Jesus called over a child, whom he stood in the middle of the disciples and said: “I’m telling you, once and for all, that unless you return to square one and start over like children, you’re not even going to get a look at the kingdom, let alone get in.” The Message Bible Matthew 18:3
Sitting on a woman’s lap across from me at the table was one of the cutest little girls I have seen. She was drinking from a small bottle of water and trying to replace the cap when its contents spilled on her lap and then ran into the boot of the woman, bringing her suddenly back to reality. The little one had previously taken no interest in a small plate of crackers and cheese but when her big brother placed a plate containing two strawberries and three plump blackberries in front of her, her little face lit up in a wordless “Oooh” and a plump little hand closed around one of the blackberries. I was delighted as the next two blackberries and one bite of each of the strawberries disappeared and the child went back to working on getting the cap back on the water bottle.
As I watched her experiencing her little world, a safe lap to sit on, a loving brother, tantalizing fruit to taste and the challenging water bottle I began to wonder how soon this learning experience would become a world of rote learning and rules and restrictions. This reflection followed me the next few days. I remembered a childhood free of the kind of restrictions placed on today’s children; learning to control a sled as we slid down unplowed snow-packed streets; sitting in a neighbor’s rhubarb patch with a sugar bowl or salt shaker; safely playing until after dark with big and little kids. But I also remember the kind of education adults seemed to think we needed: the first day of school when one of the boys laughed out loud, the teacher marching down the aisle, ruler in hand, demanding he hold out his little hands as she smacked them with the ruler.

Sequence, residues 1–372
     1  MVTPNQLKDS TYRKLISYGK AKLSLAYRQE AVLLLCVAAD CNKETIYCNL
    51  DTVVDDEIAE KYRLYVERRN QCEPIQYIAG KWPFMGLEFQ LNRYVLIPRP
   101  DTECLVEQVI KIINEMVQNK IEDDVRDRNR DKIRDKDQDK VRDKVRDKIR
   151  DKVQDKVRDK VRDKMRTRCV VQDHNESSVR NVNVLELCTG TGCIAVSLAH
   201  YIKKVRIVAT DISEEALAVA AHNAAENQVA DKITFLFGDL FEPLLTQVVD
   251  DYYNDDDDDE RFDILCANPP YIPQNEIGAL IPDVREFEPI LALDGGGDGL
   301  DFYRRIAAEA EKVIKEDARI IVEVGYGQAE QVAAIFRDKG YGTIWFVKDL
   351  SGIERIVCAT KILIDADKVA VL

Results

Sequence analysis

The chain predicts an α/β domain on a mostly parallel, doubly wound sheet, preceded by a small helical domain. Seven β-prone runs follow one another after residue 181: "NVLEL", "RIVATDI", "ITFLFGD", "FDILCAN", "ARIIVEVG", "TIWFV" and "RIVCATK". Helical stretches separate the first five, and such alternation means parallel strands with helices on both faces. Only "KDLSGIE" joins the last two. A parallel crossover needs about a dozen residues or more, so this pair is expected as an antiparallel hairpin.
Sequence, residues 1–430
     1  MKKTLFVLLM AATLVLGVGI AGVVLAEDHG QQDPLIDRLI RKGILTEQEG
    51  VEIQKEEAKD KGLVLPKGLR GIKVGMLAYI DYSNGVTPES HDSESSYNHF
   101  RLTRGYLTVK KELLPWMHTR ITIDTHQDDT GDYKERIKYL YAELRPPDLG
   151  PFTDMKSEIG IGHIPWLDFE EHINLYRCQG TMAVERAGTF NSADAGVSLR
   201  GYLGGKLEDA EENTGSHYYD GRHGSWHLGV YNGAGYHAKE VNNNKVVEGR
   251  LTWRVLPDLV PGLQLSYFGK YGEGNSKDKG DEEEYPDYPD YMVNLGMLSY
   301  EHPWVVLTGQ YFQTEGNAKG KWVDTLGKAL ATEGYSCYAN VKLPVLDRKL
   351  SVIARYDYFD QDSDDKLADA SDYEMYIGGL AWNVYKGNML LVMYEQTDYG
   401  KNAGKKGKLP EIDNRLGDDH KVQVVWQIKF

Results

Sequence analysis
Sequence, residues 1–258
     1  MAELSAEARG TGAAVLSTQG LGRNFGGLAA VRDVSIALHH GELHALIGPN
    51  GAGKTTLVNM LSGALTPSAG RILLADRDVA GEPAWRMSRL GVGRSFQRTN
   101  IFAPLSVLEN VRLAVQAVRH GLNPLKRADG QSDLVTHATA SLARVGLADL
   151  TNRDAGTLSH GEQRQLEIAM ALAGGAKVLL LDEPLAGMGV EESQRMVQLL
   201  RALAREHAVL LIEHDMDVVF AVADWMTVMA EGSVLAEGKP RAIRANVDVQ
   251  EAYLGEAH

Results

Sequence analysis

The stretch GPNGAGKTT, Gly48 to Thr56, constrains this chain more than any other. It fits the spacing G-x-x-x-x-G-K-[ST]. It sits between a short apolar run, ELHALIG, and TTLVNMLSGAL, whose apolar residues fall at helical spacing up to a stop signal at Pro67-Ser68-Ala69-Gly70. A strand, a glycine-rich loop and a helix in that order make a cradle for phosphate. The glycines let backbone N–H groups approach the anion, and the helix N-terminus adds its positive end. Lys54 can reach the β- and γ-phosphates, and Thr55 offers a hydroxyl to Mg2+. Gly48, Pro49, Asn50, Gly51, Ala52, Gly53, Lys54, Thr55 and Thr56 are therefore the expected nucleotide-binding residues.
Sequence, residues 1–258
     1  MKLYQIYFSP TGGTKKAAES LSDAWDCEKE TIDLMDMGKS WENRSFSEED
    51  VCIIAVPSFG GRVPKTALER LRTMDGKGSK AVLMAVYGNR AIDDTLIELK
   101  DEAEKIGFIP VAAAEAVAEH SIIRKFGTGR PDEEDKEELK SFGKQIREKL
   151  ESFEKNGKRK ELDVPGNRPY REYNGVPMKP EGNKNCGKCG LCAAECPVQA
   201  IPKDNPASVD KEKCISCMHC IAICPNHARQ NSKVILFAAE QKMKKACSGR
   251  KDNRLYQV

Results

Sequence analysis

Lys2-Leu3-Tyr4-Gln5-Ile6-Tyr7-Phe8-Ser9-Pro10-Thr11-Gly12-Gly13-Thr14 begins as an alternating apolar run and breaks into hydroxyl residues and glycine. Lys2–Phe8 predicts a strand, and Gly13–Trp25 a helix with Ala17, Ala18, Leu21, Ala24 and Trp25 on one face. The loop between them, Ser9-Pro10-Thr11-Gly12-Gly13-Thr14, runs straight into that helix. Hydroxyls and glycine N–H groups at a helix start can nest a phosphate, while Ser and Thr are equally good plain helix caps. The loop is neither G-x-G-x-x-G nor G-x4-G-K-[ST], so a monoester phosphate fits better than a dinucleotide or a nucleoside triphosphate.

More seriously I began to think about my religious education. My most favorite hymn: “I walk in the garden alone when the dew is still on the roses and He walks with me and He talks with me and He tells me I am His own”. Experiencing God. And then there is the Father, Son and Holy Ghost: looking around the sanctuary wondering; “where is the ghost?”. Adult theology. Summer Church Camp singing “Tell me why the stars do shine, tell me why the ivy twines, tell me why the sky’s so blue, and I will tell you just why I love you”, knowing that somehow Jesus is there singing with us. Experiencing God. My first recollection of God was in an east-facing Sunday School room and a little song: “Open wide the windows let the sun shine in”. I equated it with let the SON shine in.
Of all the dogma the church has asked me to believe; the bible verses memorized; insistence of a need for a hat on my head on Sunday; nothing has contributed more to my faith development than planting a garden, nursing my orchids into bloom, stars in the night sky, the well-ordered world in a microscope, seeing the look of trust in the eyes of my physical therapy patients, looking into the eyes of my newborn and asking her where she came from and what she knows of God that she will soon forget.
Finding Celtic Spirituality has validated my finding God in Creation and released me to trust God’s revelations and the truth I instinctively knew as a child.
Ann Dolbier is a friend and supporter of Celtic Way